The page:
Combustion smoke-induced inflammation in the cerebellum and hippocampus of adult rats


  • J. Lu and E-A. Ling contributed equally to the project.



The effect of combustion smoke inhalation on the respiratory system is widely reported but its effects on the central nervous system remain unclear. Here, we aimed to determine the effects of smoke inhalation on the cerebellum and hippocampus which are areas vulnerable to hypoxia injury.


Adult male Sprague–Dawley rats were subjected to combustion smoke inhalation and sacrificed at 0.5, 3, 24 and 72 h after exposure. The cerebellum and hippocampus were subjected to Western analysis for VEGF, iNOS, eNOS, nNOS and AQP4 expression; ELISA analysis for cytokine and chemokine levels; and immunohistochemistry for GFAP/AQP4, RECA-1/RITC and TUNEL. Aminoguanidine (AG) was administered to determine the effects of iNOS after smoke inhalation.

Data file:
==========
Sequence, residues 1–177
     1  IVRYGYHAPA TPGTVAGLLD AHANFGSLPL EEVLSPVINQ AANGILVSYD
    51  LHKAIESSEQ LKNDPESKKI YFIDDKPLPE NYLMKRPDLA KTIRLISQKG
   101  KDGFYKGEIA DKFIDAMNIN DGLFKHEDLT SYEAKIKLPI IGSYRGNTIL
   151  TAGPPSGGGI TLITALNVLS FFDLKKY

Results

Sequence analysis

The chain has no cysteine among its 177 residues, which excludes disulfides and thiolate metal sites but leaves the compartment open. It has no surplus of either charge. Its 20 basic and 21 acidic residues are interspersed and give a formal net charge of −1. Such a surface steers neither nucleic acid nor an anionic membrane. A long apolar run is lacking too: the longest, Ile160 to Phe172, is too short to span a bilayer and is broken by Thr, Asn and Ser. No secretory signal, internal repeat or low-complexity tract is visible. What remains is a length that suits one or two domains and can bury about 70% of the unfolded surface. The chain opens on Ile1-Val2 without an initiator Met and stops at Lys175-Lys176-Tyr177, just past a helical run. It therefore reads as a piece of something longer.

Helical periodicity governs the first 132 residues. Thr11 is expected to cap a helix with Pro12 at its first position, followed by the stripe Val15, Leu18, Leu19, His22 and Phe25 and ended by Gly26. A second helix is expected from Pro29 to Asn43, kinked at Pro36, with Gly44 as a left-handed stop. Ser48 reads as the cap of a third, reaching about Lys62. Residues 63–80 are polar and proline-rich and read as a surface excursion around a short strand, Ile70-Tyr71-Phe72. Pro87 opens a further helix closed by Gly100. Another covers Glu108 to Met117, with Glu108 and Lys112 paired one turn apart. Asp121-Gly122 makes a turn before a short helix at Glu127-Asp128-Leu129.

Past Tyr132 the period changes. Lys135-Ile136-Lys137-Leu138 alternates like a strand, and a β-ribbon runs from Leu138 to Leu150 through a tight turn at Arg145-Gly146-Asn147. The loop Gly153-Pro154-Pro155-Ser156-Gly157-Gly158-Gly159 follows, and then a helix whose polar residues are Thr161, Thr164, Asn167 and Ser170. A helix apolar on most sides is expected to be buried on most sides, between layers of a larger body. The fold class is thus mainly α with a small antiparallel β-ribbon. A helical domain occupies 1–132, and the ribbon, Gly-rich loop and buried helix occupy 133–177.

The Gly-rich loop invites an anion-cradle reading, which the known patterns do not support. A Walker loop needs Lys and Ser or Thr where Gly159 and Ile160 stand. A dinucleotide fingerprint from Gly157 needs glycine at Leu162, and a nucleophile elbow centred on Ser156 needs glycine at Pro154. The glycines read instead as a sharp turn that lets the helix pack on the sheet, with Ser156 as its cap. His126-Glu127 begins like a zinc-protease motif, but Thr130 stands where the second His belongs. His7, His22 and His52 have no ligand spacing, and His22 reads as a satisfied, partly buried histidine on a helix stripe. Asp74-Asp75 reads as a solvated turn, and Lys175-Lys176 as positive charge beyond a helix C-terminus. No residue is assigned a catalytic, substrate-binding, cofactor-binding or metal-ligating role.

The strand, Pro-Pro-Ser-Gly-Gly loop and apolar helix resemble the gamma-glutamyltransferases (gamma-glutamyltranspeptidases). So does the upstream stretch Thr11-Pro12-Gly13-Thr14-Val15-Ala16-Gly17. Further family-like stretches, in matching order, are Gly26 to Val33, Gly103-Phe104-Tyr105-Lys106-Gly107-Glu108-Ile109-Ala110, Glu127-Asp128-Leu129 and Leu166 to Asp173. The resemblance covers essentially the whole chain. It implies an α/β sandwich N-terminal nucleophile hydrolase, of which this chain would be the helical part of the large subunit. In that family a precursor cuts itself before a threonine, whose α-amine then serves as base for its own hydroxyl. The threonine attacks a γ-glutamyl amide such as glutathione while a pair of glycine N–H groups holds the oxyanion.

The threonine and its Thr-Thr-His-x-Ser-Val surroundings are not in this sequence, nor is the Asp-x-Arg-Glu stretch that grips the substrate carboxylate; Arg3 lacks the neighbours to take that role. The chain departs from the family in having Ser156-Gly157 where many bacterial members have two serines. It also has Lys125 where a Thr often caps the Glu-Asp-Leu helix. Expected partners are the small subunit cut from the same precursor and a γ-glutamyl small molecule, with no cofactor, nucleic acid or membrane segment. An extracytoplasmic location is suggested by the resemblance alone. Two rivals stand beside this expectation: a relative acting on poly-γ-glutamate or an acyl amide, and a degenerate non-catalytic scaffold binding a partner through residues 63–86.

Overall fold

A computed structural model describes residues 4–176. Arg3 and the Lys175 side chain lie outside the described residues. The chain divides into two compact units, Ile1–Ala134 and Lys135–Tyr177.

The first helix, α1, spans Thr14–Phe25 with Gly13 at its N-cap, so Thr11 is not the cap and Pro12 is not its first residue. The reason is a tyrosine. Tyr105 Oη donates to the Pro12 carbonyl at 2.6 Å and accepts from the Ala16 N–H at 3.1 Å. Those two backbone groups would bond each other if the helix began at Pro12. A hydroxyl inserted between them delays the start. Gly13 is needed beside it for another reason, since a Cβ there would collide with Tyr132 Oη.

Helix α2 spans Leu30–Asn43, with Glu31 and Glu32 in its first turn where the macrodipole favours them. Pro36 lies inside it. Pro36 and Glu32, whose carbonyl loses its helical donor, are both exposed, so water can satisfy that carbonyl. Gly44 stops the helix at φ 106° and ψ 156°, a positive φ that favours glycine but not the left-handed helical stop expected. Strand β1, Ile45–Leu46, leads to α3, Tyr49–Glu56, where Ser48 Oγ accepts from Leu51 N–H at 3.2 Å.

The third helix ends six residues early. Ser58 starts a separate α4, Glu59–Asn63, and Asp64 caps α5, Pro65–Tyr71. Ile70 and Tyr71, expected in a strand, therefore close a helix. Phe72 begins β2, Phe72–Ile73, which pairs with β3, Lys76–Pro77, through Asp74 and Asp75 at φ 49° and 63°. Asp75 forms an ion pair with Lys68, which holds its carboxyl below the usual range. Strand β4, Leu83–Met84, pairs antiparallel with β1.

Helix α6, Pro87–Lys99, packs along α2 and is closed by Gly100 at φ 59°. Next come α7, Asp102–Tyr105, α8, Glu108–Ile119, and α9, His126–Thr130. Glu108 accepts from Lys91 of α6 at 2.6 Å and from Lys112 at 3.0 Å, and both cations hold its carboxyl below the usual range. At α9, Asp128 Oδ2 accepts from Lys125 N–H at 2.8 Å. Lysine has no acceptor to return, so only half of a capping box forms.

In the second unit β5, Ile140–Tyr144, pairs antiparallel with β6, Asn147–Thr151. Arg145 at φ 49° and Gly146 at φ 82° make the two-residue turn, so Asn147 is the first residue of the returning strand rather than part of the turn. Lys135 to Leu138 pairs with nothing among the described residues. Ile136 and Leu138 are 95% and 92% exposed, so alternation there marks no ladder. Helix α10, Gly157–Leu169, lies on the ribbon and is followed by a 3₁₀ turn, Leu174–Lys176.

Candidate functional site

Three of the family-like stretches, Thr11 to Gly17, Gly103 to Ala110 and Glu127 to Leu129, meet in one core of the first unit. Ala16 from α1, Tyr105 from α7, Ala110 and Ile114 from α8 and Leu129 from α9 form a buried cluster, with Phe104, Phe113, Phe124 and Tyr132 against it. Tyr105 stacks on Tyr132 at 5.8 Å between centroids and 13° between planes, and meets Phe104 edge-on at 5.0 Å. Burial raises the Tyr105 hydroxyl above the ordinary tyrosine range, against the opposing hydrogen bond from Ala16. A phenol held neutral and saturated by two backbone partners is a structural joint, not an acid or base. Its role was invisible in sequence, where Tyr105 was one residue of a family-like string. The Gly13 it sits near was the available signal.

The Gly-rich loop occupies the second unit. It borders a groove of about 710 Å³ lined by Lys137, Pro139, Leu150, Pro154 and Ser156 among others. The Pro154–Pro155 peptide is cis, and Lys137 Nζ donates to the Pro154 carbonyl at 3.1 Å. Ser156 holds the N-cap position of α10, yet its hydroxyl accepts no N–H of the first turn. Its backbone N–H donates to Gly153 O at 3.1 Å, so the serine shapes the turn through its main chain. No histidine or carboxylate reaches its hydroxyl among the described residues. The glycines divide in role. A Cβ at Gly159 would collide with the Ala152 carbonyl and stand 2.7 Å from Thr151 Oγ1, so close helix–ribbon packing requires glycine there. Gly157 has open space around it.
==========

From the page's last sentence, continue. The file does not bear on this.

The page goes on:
Both the cerebellum and hippocampus showed a significant increase in VEGF, iNOS, eNOS, nNOS and AQP4 expression with corresponding increases in inflammatory cytokines and chemokines and increased AQP4 expression and RITC permeability after smoke exposure. AG was able to decrease the expression of iNOS, followed by VEGF, eNOS, nNOS, RITC and AQP4 after smoke exposure. There was also a significant increase in TUNEL+ cells in the cerebellum and hippocampus which were not significantly reduced by AG. Beam walk test revealed immediate deficits after smoke inhalation which was attenuated with AG.


The findings suggest that iNOS plays a major role in the central nervous system inflammatory pathophysiology after smoke inhalation exposure with concomitant increase in proinflammatory molecules, vascular permeability and oedema, for which the cerebellum appears to be more vulnerable to smoke exposure than the hippocampus.